Other lives

When I was in middle school I used to regularly attend a “bible class.” Twice a week, we had about an hour of rather generic discussions at a priest’s house, after the music class that he taught (yes, I played the recorder, too). It was actually not bad at all, in contrast to the vacation bible school at the local church that my parents made me try at a younger age, where I absolutely refused to return after the first day. There was never any question of doubting the basic tenets (tenet, I suppose), and no one was discussing politics, as it was just whatever a group of pre-teens could relate to. And who could object to not lying or stealing or “being mean”?

One day, it so turned out that it was just me and a bunch of girls. None (I don’t even remember the exact number any more, but the possible total was never more than 3 or 4 in any case) of my friends had showed up. I was around 11 or 12. Girls were both weird and, occasionally, scary. It so happened that I was having some adolescent spat or the other with one of the girls present. I don’t know quite how the conversation got here, but at some point she declared quite confidently that I couldn’t find more than 5 people in class who “liked” me.

I had always been rather socially awkward, and in any case generally preferred a good book or movie to sports or things other people did together, so in the sense of not having more than 5 people who enjoyed regularly spending time with me, this wasn’t necessarily an outrageous proposition. And yet, it rankled. What did “like” mean, anyway? Surely I was liked. I decided to find out. I bet her she was wrong, went a few rounds of verbal football, and the next day, I went around the classroom asking people to sign a piece of paper saying they liked me.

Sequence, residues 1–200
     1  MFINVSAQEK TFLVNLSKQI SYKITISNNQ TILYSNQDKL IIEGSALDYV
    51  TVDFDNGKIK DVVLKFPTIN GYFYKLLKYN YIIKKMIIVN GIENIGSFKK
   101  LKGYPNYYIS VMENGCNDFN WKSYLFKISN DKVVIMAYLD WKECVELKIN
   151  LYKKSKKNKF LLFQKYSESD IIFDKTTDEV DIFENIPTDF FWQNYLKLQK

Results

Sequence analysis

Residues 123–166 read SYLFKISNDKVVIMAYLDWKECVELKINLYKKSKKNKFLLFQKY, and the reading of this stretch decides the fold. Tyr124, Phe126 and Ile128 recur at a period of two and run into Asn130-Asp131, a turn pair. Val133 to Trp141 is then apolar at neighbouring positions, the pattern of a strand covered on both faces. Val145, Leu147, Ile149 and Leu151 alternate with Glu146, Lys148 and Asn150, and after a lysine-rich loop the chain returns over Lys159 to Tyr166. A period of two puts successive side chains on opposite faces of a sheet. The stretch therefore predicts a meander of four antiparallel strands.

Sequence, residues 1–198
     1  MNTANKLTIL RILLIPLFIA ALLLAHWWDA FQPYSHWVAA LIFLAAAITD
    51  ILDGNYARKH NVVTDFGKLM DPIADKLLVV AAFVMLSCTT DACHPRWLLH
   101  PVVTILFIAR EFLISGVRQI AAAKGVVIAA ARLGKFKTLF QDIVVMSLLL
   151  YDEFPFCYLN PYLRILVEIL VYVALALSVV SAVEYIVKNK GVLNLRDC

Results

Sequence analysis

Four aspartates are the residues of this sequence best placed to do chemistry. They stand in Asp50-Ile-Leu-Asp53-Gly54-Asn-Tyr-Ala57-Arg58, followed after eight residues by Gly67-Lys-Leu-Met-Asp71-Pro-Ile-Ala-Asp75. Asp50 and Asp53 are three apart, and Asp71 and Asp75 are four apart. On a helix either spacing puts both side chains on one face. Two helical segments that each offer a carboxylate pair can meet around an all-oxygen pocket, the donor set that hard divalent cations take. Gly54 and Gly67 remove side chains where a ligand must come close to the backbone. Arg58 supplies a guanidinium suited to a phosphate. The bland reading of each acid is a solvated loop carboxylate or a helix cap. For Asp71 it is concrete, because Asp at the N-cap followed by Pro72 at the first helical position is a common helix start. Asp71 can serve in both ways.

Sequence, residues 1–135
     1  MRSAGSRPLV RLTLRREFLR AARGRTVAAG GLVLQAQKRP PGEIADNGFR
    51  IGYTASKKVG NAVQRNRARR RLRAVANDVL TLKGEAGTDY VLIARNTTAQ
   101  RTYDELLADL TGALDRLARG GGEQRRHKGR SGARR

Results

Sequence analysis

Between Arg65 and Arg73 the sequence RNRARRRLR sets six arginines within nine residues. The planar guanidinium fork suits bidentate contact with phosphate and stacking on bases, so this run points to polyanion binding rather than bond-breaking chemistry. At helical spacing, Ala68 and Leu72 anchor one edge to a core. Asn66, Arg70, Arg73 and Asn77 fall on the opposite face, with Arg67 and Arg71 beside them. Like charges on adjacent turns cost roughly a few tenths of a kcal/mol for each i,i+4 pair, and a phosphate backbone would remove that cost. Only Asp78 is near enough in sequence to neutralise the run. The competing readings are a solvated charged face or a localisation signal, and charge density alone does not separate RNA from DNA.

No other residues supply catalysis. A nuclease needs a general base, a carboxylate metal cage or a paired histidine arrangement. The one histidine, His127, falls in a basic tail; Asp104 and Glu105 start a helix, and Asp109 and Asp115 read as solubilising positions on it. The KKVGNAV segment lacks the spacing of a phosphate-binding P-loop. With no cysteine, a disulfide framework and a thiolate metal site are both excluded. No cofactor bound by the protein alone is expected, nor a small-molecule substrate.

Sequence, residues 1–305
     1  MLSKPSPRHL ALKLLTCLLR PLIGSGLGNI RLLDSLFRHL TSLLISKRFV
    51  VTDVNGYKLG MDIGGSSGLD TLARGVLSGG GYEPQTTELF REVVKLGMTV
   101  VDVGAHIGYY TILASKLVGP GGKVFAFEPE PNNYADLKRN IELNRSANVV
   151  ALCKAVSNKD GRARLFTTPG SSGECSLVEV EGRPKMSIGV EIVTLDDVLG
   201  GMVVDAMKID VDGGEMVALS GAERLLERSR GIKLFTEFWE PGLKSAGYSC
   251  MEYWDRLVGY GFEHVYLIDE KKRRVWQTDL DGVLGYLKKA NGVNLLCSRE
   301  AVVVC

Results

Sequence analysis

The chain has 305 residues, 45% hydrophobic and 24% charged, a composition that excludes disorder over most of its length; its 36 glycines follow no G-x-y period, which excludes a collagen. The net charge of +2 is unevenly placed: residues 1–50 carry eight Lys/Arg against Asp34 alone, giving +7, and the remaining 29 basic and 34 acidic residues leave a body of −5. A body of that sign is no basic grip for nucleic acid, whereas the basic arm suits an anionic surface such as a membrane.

Everybody signed, if I remember right. In some sense I suppose it’s hard not to, when someone is asking you to do something so ridiculous . Emboldened, I even took it to my teachers. I went into the staff room during the lunch break and passed around this little sheet. My science teacher – this I do remember perfectly – refused, saying she didn’t need to sign some paper to show that she “liked” me. I pushed a little, but not very much. After all, I had already surpassed the required number several times over.

At the end of the day, I went and showed this girl the paper. She grinned and said I had won the bet, in a way that I then took to mean sheepishness, but in retrospect could well have been some combination of amusement or scorn.

I remember feeling positively giddy with happiness for a few minutes, before I felt downright miserable.

This story has no point.

4 thoughts on “Other lives

  1. It’s funny how many scenarios such as the one described are difficult to imagine in real life today, being mirrored in social media. In any case, at some point of time, the socially awkward young adult has had enough likes, and figures out (decides?) that (s)he doesn’t need to be liked anymore, not by a wide-open peer group anyway. The validation is of little value now. The young adult feels free. The young adult can be him/herself. Perhaps (s)he isn’t liked for that. But (s)he doesn’t care. Not anymore.

    I honestly wonder, then: would the pre-teen, looking at one’s older self through a magic telescope, be proud of his/her young adult identity?

  2. Punnoose! I wonder who the girl is? πŸ˜› and if its any consolation, I am pretty sure I have always liked you πŸ™‚

    And for all the spats and arguments we’ve had, Pallikoodam and our class wouldnt have been the same without you.

    • Awww, how sweet πŸ˜€ .

      The facts have been stylized, obviously, but I am trying to not be ashamed of saying that the story is substantively true, so you could certainly find out if you wanted to.

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